Apple Partners With Parkopedia to Bring In-Depth Parking Data to Apple Maps
Parking service company Parkopedia today announced that it will begin to provide its enhanced and detailed parking information services directly within Apple Maps. With the partnership between the two companies, that means iOS users will be able to visit Apple Maps to discover more than 40 million parking spots in 75 countries across North America, Europe, Asia and Latin America.
The integration of Parkopedia into Apple Maps actually began in March inside of the United States, but today marks the official worldwide launch of the new resource. With the parking company's "rich information," Apple Maps users will be able to search for parking garages and lots, while reading about their location, payment type, number of spaces, and more. Future updates will allow users to filter search results, in order to discover the cheapest lots first, for example.
While reading through some Parkopedia information for a parking lot in Apple Maps, users will be able to follow a link to reserve a spot, although that process takes them out of Maps to complete the payment process on the Parkopedia website or within the company's iOS app [Direct Link]. "More detailed information" will also be available outside of Apple Maps and in Parkopedia itself, including pricing, user reviews, special offers and real-time space availability.
"We're excited to deliver detailed information on more than 40 million parking spaces in 75 countries to Apple Maps customers. This is a very important milestone for Parkopedia. Our combined footprint in the consumer and automotive space is huge and this opens the doors to delivering a world of innovative solutions," stated Parkopedia's Head of Marketing, Christina Onesirosan Martinez.
Apple Maps has been receiving steady updates to help bolster its navigation and research abilities for users visiting new cities, or simply trying to find new venues in their hometown. Among these changes coming in iOS 10 are new parked car notifications, which reminds users where they left their car -- especially when parking in large garages or lots -- with the help of a simple geo-locked icon within Apple Maps. Combined with Parkopedia's information catalog, this could help Apple get a leg up on its rivals in the GPS map app space.
Top Rated Comments
The only advantage that Google maps has, from a UI standpoint, is I like how the little blip on a map also shows the direction the phone is pointed in, presumably using the compass. Once Apple implements the same thing, I see no reason to keep the Google maps app.
- search along the route (eg, for gas stations, food, or lodgings, while in nav mode, and ON the already programmed route)
- display of useful information for some searches (eg price at gas stations, price for lodgings). These may not be perfectly accurate, but they allow you to rapidly scan eg the expensive hotels from the cheaper ones
- pretty much everything related to search (including "unusual" searches like "where do locals eat")
- much more willingness to utilize crowd-sourcing for all sorts of purposes including things like allowing users to easily and rapidly rate establishments and determine favorites. Apple's obsession with privacy is (IMHO) preventing them from handling a number of use cases that they could, at worst, just allow people to opt into.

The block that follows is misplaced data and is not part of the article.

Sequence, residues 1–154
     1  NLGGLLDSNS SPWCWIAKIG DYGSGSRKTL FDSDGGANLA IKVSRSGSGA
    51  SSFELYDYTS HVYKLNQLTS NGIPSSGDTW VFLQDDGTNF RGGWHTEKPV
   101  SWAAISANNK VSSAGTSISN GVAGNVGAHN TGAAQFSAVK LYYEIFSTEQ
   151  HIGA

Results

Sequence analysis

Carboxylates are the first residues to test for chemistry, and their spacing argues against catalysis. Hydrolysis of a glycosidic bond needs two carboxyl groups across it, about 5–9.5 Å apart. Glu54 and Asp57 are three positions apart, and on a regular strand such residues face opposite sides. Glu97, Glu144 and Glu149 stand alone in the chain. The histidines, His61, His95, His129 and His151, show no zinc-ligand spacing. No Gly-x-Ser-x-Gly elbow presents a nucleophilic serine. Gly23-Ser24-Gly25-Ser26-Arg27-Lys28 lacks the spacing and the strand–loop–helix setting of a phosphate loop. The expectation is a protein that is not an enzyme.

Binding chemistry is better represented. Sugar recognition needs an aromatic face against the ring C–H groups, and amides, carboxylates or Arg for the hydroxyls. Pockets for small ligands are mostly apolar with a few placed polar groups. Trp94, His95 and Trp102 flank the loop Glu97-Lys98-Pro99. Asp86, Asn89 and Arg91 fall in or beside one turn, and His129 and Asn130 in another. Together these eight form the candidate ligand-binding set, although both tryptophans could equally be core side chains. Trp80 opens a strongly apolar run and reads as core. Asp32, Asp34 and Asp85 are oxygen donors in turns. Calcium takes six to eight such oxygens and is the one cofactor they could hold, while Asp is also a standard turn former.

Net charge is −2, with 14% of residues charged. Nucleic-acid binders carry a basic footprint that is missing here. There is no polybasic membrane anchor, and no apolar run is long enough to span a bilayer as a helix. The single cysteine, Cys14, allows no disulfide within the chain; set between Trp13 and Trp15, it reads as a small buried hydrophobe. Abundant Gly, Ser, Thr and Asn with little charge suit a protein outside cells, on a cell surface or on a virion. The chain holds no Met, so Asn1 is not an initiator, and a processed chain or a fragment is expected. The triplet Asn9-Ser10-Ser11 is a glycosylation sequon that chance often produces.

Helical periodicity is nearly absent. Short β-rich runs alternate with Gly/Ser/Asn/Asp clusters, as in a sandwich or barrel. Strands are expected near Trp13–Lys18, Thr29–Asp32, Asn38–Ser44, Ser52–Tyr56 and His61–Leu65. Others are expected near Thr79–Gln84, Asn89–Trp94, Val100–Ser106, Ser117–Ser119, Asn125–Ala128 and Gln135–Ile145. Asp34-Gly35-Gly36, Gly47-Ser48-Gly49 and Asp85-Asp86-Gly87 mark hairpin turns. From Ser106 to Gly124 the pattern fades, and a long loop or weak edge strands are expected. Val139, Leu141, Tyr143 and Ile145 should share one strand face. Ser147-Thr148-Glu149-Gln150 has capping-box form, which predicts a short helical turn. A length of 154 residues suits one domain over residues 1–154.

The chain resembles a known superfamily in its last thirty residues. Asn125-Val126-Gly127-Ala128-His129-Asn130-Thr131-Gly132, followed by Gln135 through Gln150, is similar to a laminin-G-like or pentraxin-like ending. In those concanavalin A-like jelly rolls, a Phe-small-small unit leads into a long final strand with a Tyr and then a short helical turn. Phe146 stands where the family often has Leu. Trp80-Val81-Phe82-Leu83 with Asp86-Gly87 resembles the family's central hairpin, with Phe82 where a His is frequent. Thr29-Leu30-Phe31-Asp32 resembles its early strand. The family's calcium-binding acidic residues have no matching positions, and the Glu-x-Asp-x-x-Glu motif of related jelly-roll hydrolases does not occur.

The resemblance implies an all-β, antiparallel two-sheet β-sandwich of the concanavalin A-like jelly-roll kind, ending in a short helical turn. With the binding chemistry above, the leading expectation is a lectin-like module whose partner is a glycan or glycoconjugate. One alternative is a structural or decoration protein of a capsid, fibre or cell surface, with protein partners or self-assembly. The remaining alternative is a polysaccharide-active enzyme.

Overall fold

- Google has a mechanism (lousy and painful, but at least it is there) for establishing way points along the way (eg I want to get from city A to city B but I want to go through National Park C along the way).
It's worth seeing what Google Maps can do today in the hands of someone who is used to the app and uses it aggressively. Apple still has a lot of features to add.
(And, for BOTH of them, it's still really early days. They both, for example, can't tell you where public toilets might be, or where one can mail letters. They both have lousy walking directions. They both have no mechanism for "suspending" a current search or route to open a second page to do something else. They both have lousy and limited abilities to share routes or anything else, let alone plan a joint route together over the internet. They both have no mechanism for anyone to provide a list of "attractions to see along I15 between Las Vegas and LA" sort of feature. etc etc.)
[doublepost=1469647295][/doublepost]Oh forgot to add that Google, right now, handles lack of coverage much better than Apple. They both suck when coverage is not available (they both seem to hold onto basic nav info even with no coverage, but god help you if you try to edit that route while there is no coverage), but at least Google has the ability for you to manually force the download of some material in an area where you think there will be limited coverage.
And of course Google has lane indicators (which of multiple highway lanes to move into for an upcoming turn).
Many of these things I've listed don't seem to matter when you are driving day to day along the same route, but they matter a LOT when you are driving in unfamiliar territory. Apple could solve some of them today, even without requiring huge data collection efforts. For example Apple could be a lot more aggressive in caching data and offering up (perhaps sub-optimal, and with no traffic info) routes even when there is no coverage. And hell, Apple could be using crowd-sourcing and/or telco's maps to WARN you about areas of upcoming no coverage (and preloading data just in case).